Some lobster fishermen in southeastern New Brunswick say emotions are easing after two days of tension and protests and they're focusing on the opening day of the fishing season.
The blockades seem to have stopped as of Saturday morning, according to Jeff Parsons, a fisherman and board member of the Maritime Fishermen's Union.
Fishermen have been blockading processing plants to protest the influx of American lobsters on the market.
Processing plants are cashing in on exceptionally low prices for lobster in Maine — about $2 per pound. Lobster fishermen in the province have said they can't take less than $3.75 per pound.
Fisheries Minister Michael Olscamp met with the Maritime Fishermen's Union in Fredericton Friday and a processor to diffuse the situation and ensure the lobster season on the Northumberland Strait opens as scheduled next week.
Now, the processors have agreed to pay a base price of $2.50 for canners and $3 for market lobsters.
The province has also agreed to negotiate extra compensation for the fishermen, according to Christian Brun, the head of the union.
Olscamp says the compensation will not be a subsidy; it is allowed under trade rules. He says it's not a precedent for future glut-induced price drops because this was an emergency situation.
Fishermen also blockaded plants that have been importing the cheap American lobsters.
Parsons says "Everybody has a problem and the problem is everybody tells us their sob story and we're at the bottom, and we have no where to pass anything on beyond us. So the price is low, it comes to us, and that's the bottom line. We can't pass the buck, as they say."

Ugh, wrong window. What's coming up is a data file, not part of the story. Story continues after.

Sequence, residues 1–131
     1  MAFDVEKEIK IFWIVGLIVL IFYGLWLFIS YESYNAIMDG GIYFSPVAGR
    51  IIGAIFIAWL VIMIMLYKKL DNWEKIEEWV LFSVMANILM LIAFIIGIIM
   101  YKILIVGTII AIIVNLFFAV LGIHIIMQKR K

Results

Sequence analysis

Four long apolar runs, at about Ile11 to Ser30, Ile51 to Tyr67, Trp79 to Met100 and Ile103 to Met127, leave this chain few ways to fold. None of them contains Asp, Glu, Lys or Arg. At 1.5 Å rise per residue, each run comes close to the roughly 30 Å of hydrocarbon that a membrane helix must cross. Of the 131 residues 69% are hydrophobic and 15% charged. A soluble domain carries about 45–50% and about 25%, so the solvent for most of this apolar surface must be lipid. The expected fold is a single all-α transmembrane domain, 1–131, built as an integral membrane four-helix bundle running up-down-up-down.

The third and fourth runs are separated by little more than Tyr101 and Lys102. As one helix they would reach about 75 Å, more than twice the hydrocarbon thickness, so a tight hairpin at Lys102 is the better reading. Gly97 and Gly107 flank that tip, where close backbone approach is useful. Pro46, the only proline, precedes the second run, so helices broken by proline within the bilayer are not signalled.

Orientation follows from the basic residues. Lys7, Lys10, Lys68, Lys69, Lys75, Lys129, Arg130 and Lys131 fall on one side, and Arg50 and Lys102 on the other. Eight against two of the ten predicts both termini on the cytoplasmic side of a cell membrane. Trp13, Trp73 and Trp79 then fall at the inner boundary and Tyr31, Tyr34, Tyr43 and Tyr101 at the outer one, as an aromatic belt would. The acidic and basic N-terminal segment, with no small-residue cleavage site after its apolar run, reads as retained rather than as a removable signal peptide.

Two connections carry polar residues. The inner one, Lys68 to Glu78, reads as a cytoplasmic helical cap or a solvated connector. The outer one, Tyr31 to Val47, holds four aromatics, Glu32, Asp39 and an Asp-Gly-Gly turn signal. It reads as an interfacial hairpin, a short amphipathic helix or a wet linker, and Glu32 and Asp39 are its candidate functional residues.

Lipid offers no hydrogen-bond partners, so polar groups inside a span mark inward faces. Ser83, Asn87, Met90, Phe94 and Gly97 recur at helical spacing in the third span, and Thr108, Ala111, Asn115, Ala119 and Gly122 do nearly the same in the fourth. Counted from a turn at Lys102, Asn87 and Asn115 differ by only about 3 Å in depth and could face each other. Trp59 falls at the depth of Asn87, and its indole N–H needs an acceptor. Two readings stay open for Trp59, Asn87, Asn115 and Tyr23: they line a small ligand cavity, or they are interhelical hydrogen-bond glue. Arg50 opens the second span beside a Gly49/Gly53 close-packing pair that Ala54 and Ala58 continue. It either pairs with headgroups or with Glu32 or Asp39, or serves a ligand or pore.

He says the mood among fishermen now depends on the season.
"If quality's good, and prices maybe — and quality's a little better than expected, and prices move up from that, then probably everything will stay calm. But, you know, it's going to depend a lot on catches and quality and where the price moves from. All we've been guaranteed is a minimum. So we're hoping for more."
Parsons says the arranged price means the fishermen will head out on the season's opening day of Aug. 9.
Gilles Theriault, a fisheries consultant, says the agreements do ensure the fishermen get on the water for the opening day.
However, he says the processors will be under a lot of pressure to buy New Brunswick lobsters at a reasonable price.
"We need to set up a system by which fishermen and processors sit down at a table before fishing season to avoid crisis like this," Theriault said.